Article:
Help available to job-hunting grads

Natalie Pillsbury

Whether a person chooses a major for practical reasons or for the love of a particular subject area, he or she is probably concerned about getting a job after college.

More importantly, many students wonder if they will earn enough to pay off their student loans.

“In my experience in Career Services, I’ve found that students aren’t realistic about what their starting salary will be after college,” said Julie Stieber, associate director of the Career Services Center.

Stieber said the center offers a career exploration course, and each semester it has a guest speaker come talk to students about creating resumes and getting started finding a job.

Students’ expectations of beginning salaries are usually wrong, Stieber said.

“Students estimate between $50, $60, even $70,000 as a starting salary,” she said. “It’s not totally out of the realm of possibility, but it’s not the average student.”

According to the National Association of Colleges and Employers Job Outlook 2006 Fall Preview, service, manufacturing and government/nonprofit employment sectors report increases in college hiring for the coming year.

The employment sector that is expecting the largest increase in college hiring is the service sector, which includes such areas as public accounting, advertising and communications.

The association’s job outlook for 2006 also reports a 0.8 percent projected increase in the Midwest region in hiring expectations.

This is significantly lower than the other three regions, which report a 15.8 percent increase in the West, a 17.6 percent increase in the South and a 25.8 percent increase in the Northeast.

Mary Boston, supervisor of the Portage Workforce Connection, said there has been a lot more activity through her office recently.

The Portage Workforce Connection serves residents of Portage County and surrounding counties in finding employment.

“We serve a wide cross section of individuals,” Boston said. “We’ve helped people from age 14 to people with bachelor’s degrees.”

Boston said that her office usually sees 125 people daily.

There are computers available for Internet job searches and phones to make calls about jobs and other contacts.

Boston said there are also books, videos and DVDs available, which provide assistance with resume writing and interviewing.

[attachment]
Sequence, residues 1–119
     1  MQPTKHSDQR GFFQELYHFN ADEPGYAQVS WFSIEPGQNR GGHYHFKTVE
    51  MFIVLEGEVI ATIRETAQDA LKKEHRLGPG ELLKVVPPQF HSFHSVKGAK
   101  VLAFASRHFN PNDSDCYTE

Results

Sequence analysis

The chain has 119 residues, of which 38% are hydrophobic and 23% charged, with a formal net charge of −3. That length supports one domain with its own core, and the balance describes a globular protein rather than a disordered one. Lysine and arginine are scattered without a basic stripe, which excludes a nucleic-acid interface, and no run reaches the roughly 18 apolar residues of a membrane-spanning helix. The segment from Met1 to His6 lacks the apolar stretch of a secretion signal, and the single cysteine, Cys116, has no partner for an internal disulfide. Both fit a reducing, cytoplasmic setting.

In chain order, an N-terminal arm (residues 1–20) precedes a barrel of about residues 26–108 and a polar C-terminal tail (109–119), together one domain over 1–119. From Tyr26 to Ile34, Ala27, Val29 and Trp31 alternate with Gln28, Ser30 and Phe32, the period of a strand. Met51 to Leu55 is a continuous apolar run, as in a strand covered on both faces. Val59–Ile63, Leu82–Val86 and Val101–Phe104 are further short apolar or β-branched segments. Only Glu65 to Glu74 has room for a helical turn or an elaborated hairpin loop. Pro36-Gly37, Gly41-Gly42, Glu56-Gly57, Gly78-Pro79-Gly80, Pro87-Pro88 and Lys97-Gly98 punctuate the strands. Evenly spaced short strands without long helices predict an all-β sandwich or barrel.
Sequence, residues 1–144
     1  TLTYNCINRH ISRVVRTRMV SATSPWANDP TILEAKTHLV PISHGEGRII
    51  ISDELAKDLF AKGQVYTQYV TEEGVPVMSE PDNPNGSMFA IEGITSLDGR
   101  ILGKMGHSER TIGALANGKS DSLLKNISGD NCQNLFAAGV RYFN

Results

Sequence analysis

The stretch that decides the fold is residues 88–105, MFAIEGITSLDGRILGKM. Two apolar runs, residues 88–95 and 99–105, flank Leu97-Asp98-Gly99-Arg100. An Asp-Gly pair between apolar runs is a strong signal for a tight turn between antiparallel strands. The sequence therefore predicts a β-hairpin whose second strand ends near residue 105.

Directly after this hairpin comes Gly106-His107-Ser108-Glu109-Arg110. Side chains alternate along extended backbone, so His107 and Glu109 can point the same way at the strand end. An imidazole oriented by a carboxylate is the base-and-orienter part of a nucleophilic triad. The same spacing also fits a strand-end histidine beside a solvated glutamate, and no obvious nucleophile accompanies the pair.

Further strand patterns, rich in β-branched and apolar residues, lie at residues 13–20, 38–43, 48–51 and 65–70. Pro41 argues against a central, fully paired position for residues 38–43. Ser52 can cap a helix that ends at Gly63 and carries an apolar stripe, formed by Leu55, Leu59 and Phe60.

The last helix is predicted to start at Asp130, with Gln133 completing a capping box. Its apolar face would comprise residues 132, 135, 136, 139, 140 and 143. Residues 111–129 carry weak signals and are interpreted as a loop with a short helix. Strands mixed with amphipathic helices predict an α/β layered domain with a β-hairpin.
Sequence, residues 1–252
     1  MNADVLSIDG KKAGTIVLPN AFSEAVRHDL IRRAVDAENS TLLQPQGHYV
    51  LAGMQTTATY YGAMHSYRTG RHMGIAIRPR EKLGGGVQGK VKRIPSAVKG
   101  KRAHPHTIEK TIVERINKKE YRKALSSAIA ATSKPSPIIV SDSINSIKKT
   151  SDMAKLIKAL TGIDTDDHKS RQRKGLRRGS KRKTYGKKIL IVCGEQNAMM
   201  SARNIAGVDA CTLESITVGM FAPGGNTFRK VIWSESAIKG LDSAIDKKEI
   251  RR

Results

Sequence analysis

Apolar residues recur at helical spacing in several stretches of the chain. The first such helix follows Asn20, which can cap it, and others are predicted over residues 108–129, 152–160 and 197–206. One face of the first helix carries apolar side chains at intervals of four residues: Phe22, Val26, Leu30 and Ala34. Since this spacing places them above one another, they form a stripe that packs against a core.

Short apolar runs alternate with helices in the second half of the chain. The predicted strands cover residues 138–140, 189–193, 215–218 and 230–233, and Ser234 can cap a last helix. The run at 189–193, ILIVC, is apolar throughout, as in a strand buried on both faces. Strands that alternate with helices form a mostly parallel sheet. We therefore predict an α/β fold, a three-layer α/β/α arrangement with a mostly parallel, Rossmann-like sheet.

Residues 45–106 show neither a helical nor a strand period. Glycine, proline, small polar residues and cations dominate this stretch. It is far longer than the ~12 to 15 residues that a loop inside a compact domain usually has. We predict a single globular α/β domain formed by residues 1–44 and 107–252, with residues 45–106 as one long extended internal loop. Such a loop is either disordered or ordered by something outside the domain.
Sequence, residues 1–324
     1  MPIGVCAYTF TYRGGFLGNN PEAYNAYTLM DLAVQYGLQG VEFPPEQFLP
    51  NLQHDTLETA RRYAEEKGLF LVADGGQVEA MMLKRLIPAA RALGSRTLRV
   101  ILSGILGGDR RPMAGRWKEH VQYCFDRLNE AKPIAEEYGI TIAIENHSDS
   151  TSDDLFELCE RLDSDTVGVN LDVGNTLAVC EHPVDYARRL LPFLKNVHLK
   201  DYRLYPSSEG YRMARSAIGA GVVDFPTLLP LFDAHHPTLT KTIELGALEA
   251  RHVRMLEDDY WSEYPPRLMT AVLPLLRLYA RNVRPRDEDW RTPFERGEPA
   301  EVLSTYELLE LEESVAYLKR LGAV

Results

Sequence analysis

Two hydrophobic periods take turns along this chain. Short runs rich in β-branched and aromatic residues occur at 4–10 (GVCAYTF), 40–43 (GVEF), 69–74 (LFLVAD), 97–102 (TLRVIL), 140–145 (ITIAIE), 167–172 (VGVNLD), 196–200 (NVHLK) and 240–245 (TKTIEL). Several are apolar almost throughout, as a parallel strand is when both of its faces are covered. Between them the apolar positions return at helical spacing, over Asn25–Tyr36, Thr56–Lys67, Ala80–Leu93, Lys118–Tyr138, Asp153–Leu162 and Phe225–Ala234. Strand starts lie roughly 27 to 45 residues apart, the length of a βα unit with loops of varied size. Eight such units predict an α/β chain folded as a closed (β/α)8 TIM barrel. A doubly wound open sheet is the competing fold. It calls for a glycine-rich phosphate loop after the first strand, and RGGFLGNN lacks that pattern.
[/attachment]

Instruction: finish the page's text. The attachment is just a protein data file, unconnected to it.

There is an unemployment office at the Portage Workforce Connection where you can apply for unemployment benefits.

“It’s a great place for college students to start,” Boston said. “There are lots of different Web sites to look for work. You can participate in interview and resume writing workshops.”

The Portage Workforce Connection also offers assistance through the Workforce Investment Act, which will pay for the last year of a four-year college degree for participants.

The act will pay for two-year technical degrees in full, Boston said.

For more information, there are orientations every Monday at the Portage Workforce Connection Office at 1081 W. Main St. in Ravenna.

“We’re willing to help everyone who walks through our doors,” Boston said.

Stieber said the National Association of Colleges and Employers Job Outlook can be misleading because the companies participating in the survey were all Fortune 500 companies, meaning they were all large companies.

“There are a lot of productive small organizations that are not a household word,” Stieber said. “But they are good companies to work for.”

She said students have to be educated job seekers, and Career Services is available not only to help students through the job-finding process, but also to educate them on all the job options available.

“Students equate name recognition and size with prestige and salary,” Stieber said. “It’s not true, but I can understand why students think this way. That’s how we’re all raised.”

Stieber said Career Services is sponsoring a Career Expo on Wednesday, which will be located in the ballroom on the second floor of the Student Center.

There will be over 70 employers from areas such as retail, insurance and finance.

“Just talk to everybody,” Stieber said. “You’ll be surprised.”

She said that the job finding process has to be taken to a personal level. It depends upon what a student is willing to give up to get a high-paying job, Stieber said.

“It’s a process; it can be done and there are people to help,” Stieber said. “You get out of it what you put into it.”

Contact general assignment reporter Natalie Pillsbury at [email protected].